HONG KONG – Women’s hockey in Hong Kong is a new phenomenon. And despite only recently forming a national team, the women are aiming high.
The World Girls’ Ice Hockey Weekend organised by the Hong Kong Ice Hockey Association at the Mega Ice centre in Kowloon Bay is where the next crop of players is hoped to be sourced – both for the national team and the newly created women’s-only league, which held its first-ever game on 4th October.
“Everybody had a lot of fun,” event co-coordinator Jeremy Hutchins told IIHF.com. “It was a great platform for our women’s national team, the women’s league and girls’ hockey in general."
“Our focus is to build women’s hockey at the grassroots level, targeting girls between the ages of five to 10 years old to get them interested and involved,” Hutchins said. “Also targeting girls who are early teens to put into our programs and get them consistent ice time and training.”
The Hong Kong national team will compete in its first-ever tournament in December this year, when it hosts the IIHF Women’s Challenge Cup of Asia Division I against Singapore, Thailand and the United Arab Emirates. This will serve as a big test ahead of the 2014 IIHF Ice Hockey Women’s World Championship Division II Group B Qualification in Mexico next year spring.
These events will mark the first time a Hong Kong women’s team has competed on the international stage.
“It’s a very exciting time for the national team,” Hutchins said. “Tryouts were held a few weeks ago, so the roster was just finalised. The girls are really looking forward to these two events, and having the event in the same rink as the Challenge Cup made it a really good opportunity to create awareness.”
Ninety girls and women aged from three to 60 attended the Hong Kong event, with national league players helping to coach and mentor the beginners.
One end zone was used for first-time or beginner skaters, while the area in between the blue lines and other end zone were used for more experienced skaters who learnt puck handling and played a fun game with the nets.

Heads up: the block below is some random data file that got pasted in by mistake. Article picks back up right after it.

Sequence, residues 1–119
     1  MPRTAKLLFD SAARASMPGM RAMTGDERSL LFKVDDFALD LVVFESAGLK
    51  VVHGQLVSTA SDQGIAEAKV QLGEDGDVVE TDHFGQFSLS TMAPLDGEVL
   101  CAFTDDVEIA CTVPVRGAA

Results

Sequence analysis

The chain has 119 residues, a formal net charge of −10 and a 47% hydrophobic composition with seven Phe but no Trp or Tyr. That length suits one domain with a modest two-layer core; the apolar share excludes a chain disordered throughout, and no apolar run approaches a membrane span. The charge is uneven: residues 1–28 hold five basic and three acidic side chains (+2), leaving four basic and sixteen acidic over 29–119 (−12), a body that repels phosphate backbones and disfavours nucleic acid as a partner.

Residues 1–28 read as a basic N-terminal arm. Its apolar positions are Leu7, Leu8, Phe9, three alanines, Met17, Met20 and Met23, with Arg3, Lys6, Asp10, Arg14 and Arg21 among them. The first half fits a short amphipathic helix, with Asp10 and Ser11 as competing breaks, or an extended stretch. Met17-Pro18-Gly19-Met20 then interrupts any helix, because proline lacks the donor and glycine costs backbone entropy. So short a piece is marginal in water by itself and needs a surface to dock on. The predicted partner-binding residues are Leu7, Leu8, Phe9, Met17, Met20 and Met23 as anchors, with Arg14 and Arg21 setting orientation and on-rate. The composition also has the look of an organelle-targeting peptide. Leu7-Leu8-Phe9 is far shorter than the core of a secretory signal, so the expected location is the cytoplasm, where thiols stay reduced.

“Having the national team players coach created a really positive and fun experience for everybody. There were a lot of laughs and a lot of falling down for some, but everybody had a great time,” Hutchins said.
For IIHF Vice President Thomas Wu – a Hong Kong native – the World Girls’ Ice Hockey Weekend in Asia is the kick-off of a special occasion. While he welcomes the anticipation for the Japanese women’s national team that will participate in the 2014 Olympic Winter Games in Sochi, he is also excited about future events, some that could involve participation from smaller nations like the Macau Ice Sports Federation.
Macau’s contribution, as one of the smallest IIHF and Asian Strategic Planning Group members, presents a challenge to build hockey in the region. While countries such as Japan have 99 international sized rinks, Macau is yet to build a full-size arena.
“One thing both of the countries and of course all the Asian members have together is the passion for our game,” said Wu. “Everybody is working very hard, and exemplifies the situation and commitment in Asia best.”
The Asian Strategic Planning Group consists of 17 members now with the additions of Australia and New Zealand from the Pacific region, which helps to allow the Asian teams to gain experience playing against teams closer to home. The Australian women’s national team will compete in the 2014 IIHF Women’s Challenge Cup of Asia in Harbin, China.
Hong Kong doesn’t yet have the talent pool of Japan, but events like this will go a long way to growing the ranks of the future.
“Our main focus is to try to build up from grassroots so in five to ten years from now, we have many girls who have played here and are born and raised here to go into our national team program,” said Hutchins.
“And hopefully this will make Hong Kong a strong competitor at the World Championship level.”
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